Snapshot: The Middle School Principal approaches us, knowing our interest in disability issues, and says,”We are so excited to show what we have done for our learning support kids so they can participate today”

The day starts with a parade – the entire middle school has been divided into two teams, the Grey Team and the Blue Team, and they are competing throughout the day for “spirit points”. The Blue Team and the Grey Team organize themselves, sort of, in two bunches, line up on the track and form a parade, accompanied by music through the loudspeakers, with each homeroom sporting brightly colored t-shirts made by the students.

Snapshot: The Life Skills Class leads the parade. About 15 students with obvious disabilities and matching T-shirts with bulls-eyes painted on them slowly move or are wheeled around the track. They are not a part of either the blue or the grey team. They are their own team. They are heralded by an announcement over the loudspeakers,”and HERE are our life skills students, leading the day”. When they have made it halfway around the track, they are led back into the school building.

Snapshot: The day proceeds with many games and lots of fun. It is a real scorcher, and the school provides bottled water, which means that water fights erupt with fits of laughter and much chasing around of each other. The kids are having a great time. Well, most of them. The children with the bulls-eyes on their t-shirts are long gone, excluded from the games and protected from the heat.

I try to keep an eye out – What happened to the children with disabilities who led the parade? After a few hours of keeping score on the flag football field, I head for home,and the Spirit Day is in full swing. I cut through the school to head back to my car.

Snapshot: The hallways are mostly empty, as the kids are all outside. Except they aren’t. I pass the The Autism Support classroom on the right hand side of the hallway, and its class members are in the room. If you missed the fact that it is the “Autism Support Class” by the sign on the door, you will note the posters outside educating the other students about Autism by asking true/false questions. “Autistic people don’t can’t make friends” T or F. I wonder to myself what passers-by are really learning.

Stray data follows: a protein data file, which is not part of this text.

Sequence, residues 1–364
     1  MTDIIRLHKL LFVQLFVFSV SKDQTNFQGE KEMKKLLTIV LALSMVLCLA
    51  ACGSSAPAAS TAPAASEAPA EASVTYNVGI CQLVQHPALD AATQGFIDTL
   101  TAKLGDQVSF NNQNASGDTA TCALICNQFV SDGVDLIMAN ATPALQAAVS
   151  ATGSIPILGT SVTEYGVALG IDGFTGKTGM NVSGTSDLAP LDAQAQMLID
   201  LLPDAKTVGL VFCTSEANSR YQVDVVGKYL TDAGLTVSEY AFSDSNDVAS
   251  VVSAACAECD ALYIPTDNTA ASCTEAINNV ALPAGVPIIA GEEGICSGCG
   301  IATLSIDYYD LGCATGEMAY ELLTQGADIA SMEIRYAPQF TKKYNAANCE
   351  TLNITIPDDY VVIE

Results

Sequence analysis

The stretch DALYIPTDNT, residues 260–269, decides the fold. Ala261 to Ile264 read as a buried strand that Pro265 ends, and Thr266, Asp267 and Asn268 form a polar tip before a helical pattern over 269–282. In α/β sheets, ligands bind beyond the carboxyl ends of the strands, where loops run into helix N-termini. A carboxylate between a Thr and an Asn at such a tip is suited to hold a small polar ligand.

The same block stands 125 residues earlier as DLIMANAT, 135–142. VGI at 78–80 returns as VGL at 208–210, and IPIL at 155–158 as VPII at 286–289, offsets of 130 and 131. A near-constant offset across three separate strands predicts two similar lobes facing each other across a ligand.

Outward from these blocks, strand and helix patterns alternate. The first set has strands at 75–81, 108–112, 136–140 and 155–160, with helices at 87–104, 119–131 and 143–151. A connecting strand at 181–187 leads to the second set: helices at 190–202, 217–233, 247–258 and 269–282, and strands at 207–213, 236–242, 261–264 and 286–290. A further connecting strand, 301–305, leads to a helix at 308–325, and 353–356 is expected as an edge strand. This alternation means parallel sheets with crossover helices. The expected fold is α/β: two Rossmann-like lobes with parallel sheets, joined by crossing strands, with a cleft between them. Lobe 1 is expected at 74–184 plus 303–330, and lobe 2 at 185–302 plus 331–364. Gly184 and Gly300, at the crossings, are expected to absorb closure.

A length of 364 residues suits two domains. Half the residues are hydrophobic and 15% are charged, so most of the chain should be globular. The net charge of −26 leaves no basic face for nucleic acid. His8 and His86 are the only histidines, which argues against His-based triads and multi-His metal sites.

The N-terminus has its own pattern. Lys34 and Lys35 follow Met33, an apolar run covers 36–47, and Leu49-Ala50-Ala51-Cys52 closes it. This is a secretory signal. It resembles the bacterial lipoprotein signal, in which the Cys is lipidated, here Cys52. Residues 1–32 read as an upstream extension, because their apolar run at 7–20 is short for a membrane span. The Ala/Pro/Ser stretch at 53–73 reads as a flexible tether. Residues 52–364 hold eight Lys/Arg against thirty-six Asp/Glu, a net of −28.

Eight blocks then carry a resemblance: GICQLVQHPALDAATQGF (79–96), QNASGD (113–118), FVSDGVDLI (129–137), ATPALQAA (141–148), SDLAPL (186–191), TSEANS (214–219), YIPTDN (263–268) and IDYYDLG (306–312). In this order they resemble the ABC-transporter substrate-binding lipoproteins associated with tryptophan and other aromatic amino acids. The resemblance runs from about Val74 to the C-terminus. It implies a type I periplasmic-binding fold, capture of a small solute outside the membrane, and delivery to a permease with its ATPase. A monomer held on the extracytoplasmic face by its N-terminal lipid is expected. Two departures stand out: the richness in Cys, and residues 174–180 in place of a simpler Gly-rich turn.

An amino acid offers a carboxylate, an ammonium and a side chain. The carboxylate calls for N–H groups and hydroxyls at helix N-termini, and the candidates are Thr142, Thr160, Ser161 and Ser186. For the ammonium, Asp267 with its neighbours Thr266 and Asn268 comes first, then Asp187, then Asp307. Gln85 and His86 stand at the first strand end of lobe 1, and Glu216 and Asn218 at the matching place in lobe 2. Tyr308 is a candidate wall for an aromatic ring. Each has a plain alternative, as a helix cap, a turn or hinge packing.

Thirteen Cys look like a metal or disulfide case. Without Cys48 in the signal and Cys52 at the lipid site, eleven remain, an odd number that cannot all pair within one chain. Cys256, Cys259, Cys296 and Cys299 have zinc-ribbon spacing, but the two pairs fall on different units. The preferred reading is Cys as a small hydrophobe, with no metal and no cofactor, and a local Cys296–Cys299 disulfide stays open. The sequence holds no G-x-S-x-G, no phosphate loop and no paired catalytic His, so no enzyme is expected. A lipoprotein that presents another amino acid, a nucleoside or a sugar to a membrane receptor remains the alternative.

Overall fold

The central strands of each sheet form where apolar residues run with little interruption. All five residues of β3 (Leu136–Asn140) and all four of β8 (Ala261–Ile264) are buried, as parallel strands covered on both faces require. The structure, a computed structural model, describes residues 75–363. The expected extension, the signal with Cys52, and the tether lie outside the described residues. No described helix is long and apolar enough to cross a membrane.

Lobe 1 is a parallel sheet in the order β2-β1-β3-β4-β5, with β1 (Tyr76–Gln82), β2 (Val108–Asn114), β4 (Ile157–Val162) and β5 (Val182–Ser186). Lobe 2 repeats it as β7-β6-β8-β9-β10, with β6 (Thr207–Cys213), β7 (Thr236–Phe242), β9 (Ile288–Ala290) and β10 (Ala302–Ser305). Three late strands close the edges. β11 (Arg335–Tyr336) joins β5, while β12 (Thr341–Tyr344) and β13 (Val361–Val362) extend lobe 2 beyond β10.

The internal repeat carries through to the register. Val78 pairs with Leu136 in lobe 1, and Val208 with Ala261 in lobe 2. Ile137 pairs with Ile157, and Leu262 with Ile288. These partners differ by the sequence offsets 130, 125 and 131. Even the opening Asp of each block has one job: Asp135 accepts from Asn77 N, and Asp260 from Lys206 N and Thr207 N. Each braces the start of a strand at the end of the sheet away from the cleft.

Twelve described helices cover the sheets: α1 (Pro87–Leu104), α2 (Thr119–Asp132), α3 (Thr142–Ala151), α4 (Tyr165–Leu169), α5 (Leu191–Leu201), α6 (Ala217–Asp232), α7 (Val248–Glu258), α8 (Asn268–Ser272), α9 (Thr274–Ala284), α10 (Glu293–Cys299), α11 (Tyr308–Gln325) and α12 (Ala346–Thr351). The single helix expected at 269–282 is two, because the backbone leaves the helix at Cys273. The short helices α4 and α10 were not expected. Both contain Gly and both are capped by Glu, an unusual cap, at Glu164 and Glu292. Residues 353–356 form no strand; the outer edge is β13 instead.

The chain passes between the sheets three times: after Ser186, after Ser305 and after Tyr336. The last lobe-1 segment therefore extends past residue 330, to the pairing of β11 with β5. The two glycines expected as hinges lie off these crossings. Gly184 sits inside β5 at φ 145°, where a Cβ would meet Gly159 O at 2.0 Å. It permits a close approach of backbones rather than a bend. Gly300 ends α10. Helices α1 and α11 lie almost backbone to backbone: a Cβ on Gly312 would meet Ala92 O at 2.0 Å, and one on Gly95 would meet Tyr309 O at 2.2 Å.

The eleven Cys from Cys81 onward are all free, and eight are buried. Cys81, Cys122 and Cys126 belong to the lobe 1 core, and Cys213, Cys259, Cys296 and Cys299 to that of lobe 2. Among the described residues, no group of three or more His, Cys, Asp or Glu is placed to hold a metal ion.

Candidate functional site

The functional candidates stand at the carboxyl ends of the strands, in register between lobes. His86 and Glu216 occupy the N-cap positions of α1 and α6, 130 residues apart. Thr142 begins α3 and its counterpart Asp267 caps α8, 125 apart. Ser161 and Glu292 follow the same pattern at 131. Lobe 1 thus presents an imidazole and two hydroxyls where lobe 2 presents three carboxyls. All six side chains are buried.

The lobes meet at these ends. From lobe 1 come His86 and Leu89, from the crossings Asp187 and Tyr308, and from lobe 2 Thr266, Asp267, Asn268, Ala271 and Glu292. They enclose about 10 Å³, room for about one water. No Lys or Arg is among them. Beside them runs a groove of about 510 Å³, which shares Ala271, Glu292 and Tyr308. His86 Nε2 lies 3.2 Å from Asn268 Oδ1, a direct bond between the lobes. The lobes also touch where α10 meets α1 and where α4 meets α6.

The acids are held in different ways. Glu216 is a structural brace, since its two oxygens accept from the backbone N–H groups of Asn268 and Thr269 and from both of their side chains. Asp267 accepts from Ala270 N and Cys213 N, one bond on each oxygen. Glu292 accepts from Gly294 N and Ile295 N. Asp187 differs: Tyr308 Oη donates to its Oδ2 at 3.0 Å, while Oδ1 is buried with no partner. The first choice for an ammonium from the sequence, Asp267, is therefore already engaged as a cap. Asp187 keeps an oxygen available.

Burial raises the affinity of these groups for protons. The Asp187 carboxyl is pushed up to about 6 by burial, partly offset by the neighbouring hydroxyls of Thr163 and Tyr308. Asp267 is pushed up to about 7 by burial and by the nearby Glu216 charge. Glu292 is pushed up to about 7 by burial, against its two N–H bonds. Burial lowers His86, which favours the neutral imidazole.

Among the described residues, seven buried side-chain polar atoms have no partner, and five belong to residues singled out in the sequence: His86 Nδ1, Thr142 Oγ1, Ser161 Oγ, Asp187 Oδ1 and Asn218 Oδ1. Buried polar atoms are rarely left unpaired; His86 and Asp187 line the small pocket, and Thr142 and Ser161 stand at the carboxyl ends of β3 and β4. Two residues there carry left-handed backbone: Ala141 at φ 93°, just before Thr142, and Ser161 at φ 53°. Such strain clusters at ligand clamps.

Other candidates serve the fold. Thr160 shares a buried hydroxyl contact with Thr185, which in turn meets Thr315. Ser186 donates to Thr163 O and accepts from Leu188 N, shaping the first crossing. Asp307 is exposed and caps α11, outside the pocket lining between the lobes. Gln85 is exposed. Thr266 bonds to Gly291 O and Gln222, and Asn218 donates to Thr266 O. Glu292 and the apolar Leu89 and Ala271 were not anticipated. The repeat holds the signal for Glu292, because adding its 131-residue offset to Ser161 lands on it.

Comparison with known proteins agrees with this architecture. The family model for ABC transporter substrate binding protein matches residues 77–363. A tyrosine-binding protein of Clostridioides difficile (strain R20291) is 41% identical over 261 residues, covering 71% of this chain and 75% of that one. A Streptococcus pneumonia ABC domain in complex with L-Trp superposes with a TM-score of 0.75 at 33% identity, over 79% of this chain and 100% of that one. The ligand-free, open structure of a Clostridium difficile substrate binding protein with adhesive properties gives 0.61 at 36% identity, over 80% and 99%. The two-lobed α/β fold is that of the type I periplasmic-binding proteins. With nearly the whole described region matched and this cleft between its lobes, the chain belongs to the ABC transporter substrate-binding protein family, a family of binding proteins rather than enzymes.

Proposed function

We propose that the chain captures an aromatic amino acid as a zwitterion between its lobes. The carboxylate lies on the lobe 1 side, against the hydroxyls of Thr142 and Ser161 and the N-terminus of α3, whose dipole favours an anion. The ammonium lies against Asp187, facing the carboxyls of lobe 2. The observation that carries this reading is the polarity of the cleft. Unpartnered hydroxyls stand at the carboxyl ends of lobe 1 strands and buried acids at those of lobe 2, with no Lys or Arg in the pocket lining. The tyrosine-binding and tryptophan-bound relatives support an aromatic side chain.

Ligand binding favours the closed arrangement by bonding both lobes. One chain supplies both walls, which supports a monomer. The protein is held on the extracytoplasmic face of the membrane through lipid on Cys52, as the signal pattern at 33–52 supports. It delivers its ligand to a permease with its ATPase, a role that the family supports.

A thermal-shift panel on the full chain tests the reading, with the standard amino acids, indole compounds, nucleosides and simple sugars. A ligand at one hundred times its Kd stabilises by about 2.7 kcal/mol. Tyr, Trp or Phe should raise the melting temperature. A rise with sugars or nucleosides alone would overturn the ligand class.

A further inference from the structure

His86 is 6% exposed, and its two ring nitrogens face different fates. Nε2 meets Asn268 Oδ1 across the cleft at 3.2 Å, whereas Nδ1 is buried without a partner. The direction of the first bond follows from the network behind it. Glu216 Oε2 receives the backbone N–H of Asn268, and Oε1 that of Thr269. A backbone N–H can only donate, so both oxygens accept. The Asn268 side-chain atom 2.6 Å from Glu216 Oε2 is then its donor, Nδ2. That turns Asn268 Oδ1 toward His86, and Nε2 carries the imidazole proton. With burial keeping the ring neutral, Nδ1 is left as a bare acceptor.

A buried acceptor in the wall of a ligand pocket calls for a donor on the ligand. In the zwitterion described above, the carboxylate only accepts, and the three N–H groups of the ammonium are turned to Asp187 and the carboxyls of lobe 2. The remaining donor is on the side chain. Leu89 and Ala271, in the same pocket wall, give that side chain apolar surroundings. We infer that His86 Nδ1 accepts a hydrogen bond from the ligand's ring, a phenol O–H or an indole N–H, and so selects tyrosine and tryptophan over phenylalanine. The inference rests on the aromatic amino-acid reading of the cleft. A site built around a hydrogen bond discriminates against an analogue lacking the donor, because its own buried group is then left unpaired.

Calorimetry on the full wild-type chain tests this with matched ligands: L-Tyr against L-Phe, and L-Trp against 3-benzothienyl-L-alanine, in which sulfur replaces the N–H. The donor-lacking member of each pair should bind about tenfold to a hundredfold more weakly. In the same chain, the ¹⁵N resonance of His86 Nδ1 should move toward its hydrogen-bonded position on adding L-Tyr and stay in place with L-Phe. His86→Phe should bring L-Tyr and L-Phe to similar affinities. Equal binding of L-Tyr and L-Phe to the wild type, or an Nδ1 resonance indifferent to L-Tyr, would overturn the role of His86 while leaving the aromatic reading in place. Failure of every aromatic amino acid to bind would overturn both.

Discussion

The snapshots now come fast and furious, as I pass the Life Skills Classroom, full of the students that led the parade, now watching a movie while the other middle schoolers play, run, flirt and have a great time dumping water on each other. Then, a few hundred feet down the long hallway….the Multiple and Severe Disabilities class, indicated by a sign and full of students, as is the other Autism Support Class and the Emotional Support Class, around the corner.

It is a stunning realization that my local neighborhood middle school has 5 segregated special education classes, for a student body of 468. Five. It appears to me that none of those students are participating in Spirit Day with their classmates. Maybe it is too hot, maybe the students opted out, maybe there were not enough aides. Maybe it was ENOUGH that the life skills class led the parade.

Two weeks later, I am visiting another middle school. It is just a regular day at this school.